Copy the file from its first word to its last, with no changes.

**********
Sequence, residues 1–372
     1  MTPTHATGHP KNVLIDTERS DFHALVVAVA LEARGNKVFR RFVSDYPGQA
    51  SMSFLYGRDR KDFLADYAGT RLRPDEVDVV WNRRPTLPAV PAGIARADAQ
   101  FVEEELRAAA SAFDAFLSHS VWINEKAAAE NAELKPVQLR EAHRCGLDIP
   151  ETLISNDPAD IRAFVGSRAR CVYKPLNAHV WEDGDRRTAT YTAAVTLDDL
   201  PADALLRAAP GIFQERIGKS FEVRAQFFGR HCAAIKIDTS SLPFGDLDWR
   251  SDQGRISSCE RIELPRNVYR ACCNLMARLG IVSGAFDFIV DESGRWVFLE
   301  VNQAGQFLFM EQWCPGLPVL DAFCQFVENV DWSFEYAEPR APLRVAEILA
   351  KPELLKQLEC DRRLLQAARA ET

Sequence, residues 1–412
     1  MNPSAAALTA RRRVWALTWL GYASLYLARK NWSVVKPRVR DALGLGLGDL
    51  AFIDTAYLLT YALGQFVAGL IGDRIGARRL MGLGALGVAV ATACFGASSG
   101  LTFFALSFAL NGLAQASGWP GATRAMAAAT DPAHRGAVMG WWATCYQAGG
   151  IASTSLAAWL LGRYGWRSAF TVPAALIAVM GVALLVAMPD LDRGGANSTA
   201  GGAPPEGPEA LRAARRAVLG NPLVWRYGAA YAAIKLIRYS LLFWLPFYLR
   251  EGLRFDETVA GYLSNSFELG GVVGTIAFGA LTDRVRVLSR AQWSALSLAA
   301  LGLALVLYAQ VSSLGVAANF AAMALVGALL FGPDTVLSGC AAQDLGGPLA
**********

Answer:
Sequence, residues 1–372
     1  MTPTHATGHP KNVLIDTERS DFHALVVAVA LEARGNKVFR RFVSDYPGQA
    51  SMSFLYGRDR KDFLADYAGT RLRPDEVDVV WNRRPTLPAV PAGIARADAQ
   101  FVEEELRAAA SAFDAFLSHS VWINEKAAAE NAELKPVQLR EAHRCGLDIP
   151  ETLISNDPAD IRAFVGSRAR CVYKPLNAHV WEDGDRRTAT YTAAVTLDDL
   201  PADALLRAAP GIFQERIGKS FEVRAQFFGR HCAAIKIDTS SLPFGDLDWR
   251  SDQGRISSCE RIELPRNVYR ACCNLMARLG IVSGAFDFIV DESGRWVFLE
   301  VNQAGQFLFM EQWCPGLPVL DAFCQFVENV DWSFEYAEPR APLRVAEILA
   351  KPELLKQLEC DRRLLQAARA ET

Sequence, residues 1–412
     1  MNPSAAALTA RRRVWALTWL GYASLYLARK NWSVVKPRVR DALGLGLGDL
    51  AFIDTAYLLT YALGQFVAGL IGDRIGARRL MGLGALGVAV ATACFGASSG
   101  LTFFALSFAL NGLAQASGWP GATRAMAAAT DPAHRGAVMG WWATCYQAGG
   151  IASTSLAAWL LGRYGWRSAF TVPAALIAVM GVALLVAMPD LDRGGANSTA
   201  GGAPPEGPEA LRAARRAVLG NPLVWRYGAA YAAIKLIRYS LLFWLPFYLR
   251  EGLRFDETVA GYLSNSFELG GVVGTIAFGA LTDRVRVLSR AQWSALSLAA
   301  LGLALVLYAQ VSSLGVAANF AAMALVGALL FGPDTVLSGC AAQDLGGPLA